The function of Defamation Law is to protect the reputation of individuals and businesses by providing a deterrent in the form of compensation.
Defamation Lawyers NSW
What is defamation?
Defamation occurs when someone communicates or otherwise publishes material which is harmful to the reputation of another person (or entity). It doesn’t matter how the material is published, so long as the material is communicated in a comprehensible manner to another person. This includes social media such as Facebook, Twitter, Snapchat, Instagram, Wechat and Weibo.
While historically defamation law distinguished between written defamation (libel) and verbal defamation (slander), that is no longer the case and the publication of defamatory material in any form is actionable.
In NSW, defamation is governed by Defamation Act 2005. Nationally, uniform defamation laws came into effect in Australia in 2006, meaning that the legislation in all other states and territories is largely similar.
Can a company be defamed?
Yes, so long as it is not a public body and falls within one of the following categories:
(a) if the objects for which the corporation is formed do not include obtaining financial gain for its members or corporators, or
(b) if the corporation employs fewer than 10 persons, and is not related to another corporation.
If the corporation does not fall within either of the categories above, it has no cause of action for defamation.
NB: in counting employees for the purposes of (b) above, part-time employees are taken into account as an appropriate fraction of a full-time equivalent employee.
When has defamation actually occurred and what would need to be proved?
There are three vital elements that must be established in order to succeed in an action for defamation:
The publication by a person, to one or more third parties, of the material/comments in question. This is an important point – at the heart of defamation is the damage to your reputation in the eyes of others. While comments made about you to your face may be offensive, if the comments are made one-on-one they cannot be defamatory; they are only capable of being defamatory where they are communicated to someone else (or if someone else is also present). That someone must also be aware of and able to comprehend the material/comments.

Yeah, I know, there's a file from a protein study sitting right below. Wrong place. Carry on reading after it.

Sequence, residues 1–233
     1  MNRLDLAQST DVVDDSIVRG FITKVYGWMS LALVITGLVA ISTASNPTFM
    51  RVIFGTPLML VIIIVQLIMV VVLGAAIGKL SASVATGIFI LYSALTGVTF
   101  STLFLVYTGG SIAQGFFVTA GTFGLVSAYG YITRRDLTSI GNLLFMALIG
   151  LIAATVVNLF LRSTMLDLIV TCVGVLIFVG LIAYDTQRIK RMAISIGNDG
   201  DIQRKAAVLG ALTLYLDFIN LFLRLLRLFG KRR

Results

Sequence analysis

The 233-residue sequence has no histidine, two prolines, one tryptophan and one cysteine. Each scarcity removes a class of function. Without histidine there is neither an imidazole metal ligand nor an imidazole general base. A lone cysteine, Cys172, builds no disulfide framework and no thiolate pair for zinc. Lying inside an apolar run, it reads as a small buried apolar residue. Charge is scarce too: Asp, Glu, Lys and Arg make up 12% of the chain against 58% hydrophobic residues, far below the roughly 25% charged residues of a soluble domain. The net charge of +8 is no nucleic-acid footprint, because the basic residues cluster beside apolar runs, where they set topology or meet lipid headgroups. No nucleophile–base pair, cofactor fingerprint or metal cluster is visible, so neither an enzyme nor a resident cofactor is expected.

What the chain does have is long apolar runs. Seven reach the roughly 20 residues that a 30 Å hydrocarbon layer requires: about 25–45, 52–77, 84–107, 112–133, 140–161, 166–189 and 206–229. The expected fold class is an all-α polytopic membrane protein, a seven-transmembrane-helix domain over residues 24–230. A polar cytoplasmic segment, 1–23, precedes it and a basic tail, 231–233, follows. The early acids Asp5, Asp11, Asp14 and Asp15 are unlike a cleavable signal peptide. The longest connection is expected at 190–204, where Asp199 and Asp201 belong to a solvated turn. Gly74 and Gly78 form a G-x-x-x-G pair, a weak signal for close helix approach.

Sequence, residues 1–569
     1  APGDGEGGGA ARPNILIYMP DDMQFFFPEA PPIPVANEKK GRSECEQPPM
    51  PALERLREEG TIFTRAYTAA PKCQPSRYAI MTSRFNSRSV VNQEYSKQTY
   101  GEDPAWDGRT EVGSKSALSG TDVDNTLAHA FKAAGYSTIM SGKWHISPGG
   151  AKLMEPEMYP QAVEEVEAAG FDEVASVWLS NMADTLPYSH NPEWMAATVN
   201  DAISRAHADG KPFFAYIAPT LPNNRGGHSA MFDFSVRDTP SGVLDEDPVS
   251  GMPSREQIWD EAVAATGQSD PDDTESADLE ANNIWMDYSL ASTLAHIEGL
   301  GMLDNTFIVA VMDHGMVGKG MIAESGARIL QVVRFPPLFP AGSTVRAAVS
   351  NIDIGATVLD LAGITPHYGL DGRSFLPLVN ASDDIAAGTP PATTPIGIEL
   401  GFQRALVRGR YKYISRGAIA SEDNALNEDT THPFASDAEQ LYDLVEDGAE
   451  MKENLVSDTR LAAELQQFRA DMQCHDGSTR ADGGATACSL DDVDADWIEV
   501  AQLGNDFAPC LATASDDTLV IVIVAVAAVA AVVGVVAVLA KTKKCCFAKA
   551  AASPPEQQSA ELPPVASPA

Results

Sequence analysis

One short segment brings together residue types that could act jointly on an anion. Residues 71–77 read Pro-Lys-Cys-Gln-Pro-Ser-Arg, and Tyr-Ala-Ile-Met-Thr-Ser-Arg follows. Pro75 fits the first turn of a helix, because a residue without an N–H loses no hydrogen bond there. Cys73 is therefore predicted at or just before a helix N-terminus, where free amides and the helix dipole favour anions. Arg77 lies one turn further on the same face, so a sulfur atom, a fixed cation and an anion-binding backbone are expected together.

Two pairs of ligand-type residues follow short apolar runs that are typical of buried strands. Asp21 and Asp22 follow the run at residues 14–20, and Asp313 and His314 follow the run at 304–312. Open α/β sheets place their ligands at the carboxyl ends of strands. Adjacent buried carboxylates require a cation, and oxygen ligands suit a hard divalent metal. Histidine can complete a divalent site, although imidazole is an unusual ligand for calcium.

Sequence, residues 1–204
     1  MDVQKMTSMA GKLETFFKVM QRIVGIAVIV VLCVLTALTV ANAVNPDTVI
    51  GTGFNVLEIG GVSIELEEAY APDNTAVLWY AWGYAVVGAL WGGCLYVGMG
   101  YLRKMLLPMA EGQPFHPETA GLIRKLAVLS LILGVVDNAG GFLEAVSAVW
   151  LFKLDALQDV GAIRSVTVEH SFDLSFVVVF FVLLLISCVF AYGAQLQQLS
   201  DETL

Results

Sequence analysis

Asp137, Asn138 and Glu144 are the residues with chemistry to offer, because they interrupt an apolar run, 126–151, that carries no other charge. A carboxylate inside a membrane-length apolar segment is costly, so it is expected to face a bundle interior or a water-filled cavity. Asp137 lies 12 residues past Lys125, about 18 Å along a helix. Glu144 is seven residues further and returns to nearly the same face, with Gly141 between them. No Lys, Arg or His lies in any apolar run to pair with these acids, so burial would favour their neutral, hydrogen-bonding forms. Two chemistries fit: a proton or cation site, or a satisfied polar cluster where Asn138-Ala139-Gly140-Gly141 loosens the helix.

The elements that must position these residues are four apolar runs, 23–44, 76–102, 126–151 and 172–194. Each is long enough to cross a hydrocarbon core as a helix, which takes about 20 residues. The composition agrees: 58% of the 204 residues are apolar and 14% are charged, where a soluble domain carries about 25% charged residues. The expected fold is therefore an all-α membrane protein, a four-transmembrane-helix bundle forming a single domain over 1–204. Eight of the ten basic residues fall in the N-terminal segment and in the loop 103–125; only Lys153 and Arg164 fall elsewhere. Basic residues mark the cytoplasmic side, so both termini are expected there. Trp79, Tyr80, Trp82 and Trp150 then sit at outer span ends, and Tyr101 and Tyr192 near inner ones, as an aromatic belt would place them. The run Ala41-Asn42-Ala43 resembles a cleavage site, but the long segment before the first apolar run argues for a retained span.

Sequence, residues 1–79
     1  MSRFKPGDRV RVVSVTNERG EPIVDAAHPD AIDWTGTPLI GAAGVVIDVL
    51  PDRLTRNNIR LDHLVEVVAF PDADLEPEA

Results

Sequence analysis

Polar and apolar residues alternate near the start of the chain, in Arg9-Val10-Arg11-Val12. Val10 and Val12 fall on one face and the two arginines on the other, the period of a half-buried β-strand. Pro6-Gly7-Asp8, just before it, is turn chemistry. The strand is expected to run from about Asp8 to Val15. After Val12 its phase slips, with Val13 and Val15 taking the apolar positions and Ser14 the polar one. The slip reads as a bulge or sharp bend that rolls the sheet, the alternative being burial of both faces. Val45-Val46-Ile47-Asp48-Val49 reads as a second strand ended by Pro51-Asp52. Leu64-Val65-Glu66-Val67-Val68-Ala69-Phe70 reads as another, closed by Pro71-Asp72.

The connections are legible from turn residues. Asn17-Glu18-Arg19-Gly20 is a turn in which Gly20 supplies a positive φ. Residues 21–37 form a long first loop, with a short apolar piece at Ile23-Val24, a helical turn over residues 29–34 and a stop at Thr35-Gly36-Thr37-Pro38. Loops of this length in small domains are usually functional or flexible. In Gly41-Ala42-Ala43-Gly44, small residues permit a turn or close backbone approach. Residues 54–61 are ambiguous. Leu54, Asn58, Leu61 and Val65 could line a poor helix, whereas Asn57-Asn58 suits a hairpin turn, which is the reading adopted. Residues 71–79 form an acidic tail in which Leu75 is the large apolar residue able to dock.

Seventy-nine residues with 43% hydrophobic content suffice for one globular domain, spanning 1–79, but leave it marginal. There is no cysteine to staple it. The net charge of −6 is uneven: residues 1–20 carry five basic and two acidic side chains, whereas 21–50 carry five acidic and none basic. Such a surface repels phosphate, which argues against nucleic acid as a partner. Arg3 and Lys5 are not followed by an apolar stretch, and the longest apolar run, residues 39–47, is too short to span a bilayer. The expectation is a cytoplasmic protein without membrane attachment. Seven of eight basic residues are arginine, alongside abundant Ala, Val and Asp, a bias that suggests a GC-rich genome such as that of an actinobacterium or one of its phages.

The material/comments in question must either directly identify you, or be capable of identifying you. This may be indirectly, for example, where you are referred to by initials, a nickname, or a photograph, or other distinct details capable of allowing identification.
The test is what the ordinary; would a reasonable person understand who/what the material is referring to? If so, there may be grounds for a defamation action.
The material/comments must be of a defamatory nature. Unfortunately, there is no ‘hard and fast’ rule as to what is defamatory and what is not; it will depend upon the unique set of facts in each case.
The test the Court will apply is whether the publication is defamatory in the eyes of the “ordinary, reasonable reader.” This is likely to be the case where: –
The publication is likely to expose the plaintiff to ridicule, hatred or contempt;
The publication is likely to cause the plaintiff to be shunned, shamed or avoided by others;
The publication is likely to lower the plaintiff in the estimation of right-thinking members of society;
The publication is likely to cause damage to the plaintiff’s professional reputation by implying a lack of qualification, skill, knowledge, capacity, judgment or efficiency in the conduct of his or her trade or business.
Is there a time limit for defamation claims?
If you have been defamed and wish to take legal action against the publisher of the defamatory material, legal proceedings must be commenced within 12 months of the publication of the defamatory material.